Briar is the most well-drawn character in the novel. She is a lean woman, laconic, cold, and hard. She is spare with her words and with her affection but life has made her thus. The legends surrounding the two most important men in her life have been a burden to both her and her son. Her father was cold and hard, but perhaps had a sense of justice she didn’t understand when she was young. Or, perhaps he could just have been both a good man and right bastard at the same time. Her husband was a man she loved once, thought she understood, and learned nearly too late what his ambition was capable of. She clings to her son with a visceral fierceness. And, in his way, Zeke clings to her. They do not have an overtly close relationship; their love and affection lies buried beneath both Zeke’s anger and resentment and her defensiveness and reserve. It is this deep love that drives Briar to pursue her son with a tenacity and a fierceness that is a wonder to behold. It is their relationship that is the most compelling aspect of the novel.
Priest does a very good job creating the claustrophobic atmosphere of this new Seattle. The very air of the city is poison—unless you are in the underground chambers, sealed, and with fresh air being pumped in, you spend your days in a gas-mask desperately searching for filters that can be replaced to allow you to take a breath with ease. A trip of merely two blocks topside results in pursuit by a horde of hungry Rotters. Each of these scenes contributes to the dark and suspenseful tone of the novel.
But there is adventure to be had as well! In the rubble of deserted Seattle live ruthless survivors willing to do anything to continue surviving, and even thriving, in the new order. Some will help both Zeke and Briar; some will do them harm. Motives are as murky as the Blight gas that fills the air. Air-pirates run supplies to and from the city and also trade in “lemon sap”, a potent drug distilled from the Blight that may have unforeseen side-effects. Loyalties can easily be bought and traded. Highlights include an airship battle, a zombie incursion into an underground pub, characters with steam-punk’d mechanical limbs and body armor, and a rebellious melee in the luxurious and dangerous lair of a mad scientist. It doesn’t get any better than that.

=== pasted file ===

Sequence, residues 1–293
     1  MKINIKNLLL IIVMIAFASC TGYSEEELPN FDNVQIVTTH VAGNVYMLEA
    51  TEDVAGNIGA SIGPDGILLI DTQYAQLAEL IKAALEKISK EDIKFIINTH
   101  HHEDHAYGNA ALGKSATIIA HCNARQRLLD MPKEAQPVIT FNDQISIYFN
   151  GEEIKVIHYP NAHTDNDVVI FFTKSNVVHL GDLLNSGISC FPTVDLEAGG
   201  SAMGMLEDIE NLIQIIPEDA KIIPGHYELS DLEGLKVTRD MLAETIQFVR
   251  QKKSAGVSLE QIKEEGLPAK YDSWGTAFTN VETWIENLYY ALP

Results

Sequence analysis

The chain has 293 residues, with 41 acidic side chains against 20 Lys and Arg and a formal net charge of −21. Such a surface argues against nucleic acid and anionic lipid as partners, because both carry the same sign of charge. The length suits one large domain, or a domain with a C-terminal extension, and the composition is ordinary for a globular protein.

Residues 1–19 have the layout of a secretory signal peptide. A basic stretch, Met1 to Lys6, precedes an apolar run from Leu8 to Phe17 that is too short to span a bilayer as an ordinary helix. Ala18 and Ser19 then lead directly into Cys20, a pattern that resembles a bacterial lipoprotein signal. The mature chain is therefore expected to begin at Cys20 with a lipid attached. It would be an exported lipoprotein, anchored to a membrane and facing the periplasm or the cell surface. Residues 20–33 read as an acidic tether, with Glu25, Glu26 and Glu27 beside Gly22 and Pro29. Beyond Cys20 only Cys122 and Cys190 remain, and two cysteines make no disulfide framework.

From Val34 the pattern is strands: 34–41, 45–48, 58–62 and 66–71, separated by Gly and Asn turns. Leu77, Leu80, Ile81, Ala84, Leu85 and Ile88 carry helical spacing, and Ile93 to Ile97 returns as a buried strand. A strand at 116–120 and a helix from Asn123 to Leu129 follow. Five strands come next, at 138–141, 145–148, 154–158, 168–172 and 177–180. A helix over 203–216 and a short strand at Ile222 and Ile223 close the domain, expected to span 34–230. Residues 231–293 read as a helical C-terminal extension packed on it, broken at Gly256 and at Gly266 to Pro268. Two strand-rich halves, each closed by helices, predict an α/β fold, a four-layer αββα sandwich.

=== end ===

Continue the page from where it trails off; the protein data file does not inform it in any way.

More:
The ending of Boneshaker primarily acts as a reveal of one of the central mysteries of the novel: whatever happened to Leviticus Blue after the Boneshaker debacle? I will not reveal the answer to that question (no spoilers here, by gum); however, I will say that I’m not sure if it was meant to be a twist ending or not. I enjoyed the way that Priest had her main characters address the elephant in the room regarding some fairly amazing coincidences that could have led to a more clichéd ending. A lesser author would have ignored these points in hopes that the reader would as well. However, I still figured out the gist of what actually happened fairly early on. Regardless, my enjoyment of the novel suffered not one iota by ferreting out the mystery. This is a novel very much about the journey and the fun of the ride and by that standard it delivers.